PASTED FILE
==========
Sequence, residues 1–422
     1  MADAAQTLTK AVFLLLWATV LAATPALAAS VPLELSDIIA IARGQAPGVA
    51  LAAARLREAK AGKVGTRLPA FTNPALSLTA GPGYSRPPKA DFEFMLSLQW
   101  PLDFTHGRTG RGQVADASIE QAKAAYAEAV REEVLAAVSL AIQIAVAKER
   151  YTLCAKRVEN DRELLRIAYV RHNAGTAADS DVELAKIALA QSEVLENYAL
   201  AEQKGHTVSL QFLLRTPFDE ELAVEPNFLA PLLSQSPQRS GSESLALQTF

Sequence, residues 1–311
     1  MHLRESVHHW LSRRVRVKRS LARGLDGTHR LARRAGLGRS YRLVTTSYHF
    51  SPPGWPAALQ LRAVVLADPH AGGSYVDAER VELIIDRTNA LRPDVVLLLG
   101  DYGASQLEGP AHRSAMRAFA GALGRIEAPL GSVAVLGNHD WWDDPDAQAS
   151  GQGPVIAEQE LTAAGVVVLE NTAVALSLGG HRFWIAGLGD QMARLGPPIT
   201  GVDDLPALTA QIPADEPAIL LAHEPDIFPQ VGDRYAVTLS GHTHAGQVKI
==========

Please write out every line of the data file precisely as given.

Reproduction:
Sequence, residues 1–422
     1  MADAAQTLTK AVFLLLWATV LAATPALAAS VPLELSDIIA IARGQAPGVA
    51  LAAARLREAK AGKVGTRLPA FTNPALSLTA GPGYSRPPKA DFEFMLSLQW
   101  PLDFTHGRTG RGQVADASIE QAKAAYAEAV REEVLAAVSL AIQIAVAKER
   151  YTLCAKRVEN DRELLRIAYV RHNAGTAADS DVELAKIALA QSEVLENYAL
   201  AEQKGHTVSL QFLLRTPFDE ELAVEPNFLA PLLSQSPQRS GSESLALQTF

Sequence, residues 1–311
     1  MHLRESVHHW LSRRVRVKRS LARGLDGTHR LARRAGLGRS YRLVTTSYHF
    51  SPPGWPAALQ LRAVVLADPH AGGSYVDAER VELIIDRTNA LRPDVVLLLG
   101  DYGASQLEGP AHRSAMRAFA GALGRIEAPL GSVAVLGNHD WWDDPDAQAS
   151  GQGPVIAEQE LTAAGVVVLE NTAVALSLGG HRFWIAGLGD QMARLGPPIT
   201  GVDDLPALTA QIPADEPAIL LAHEPDIFPQ VGDRYAVTLS GHTHAGQVKI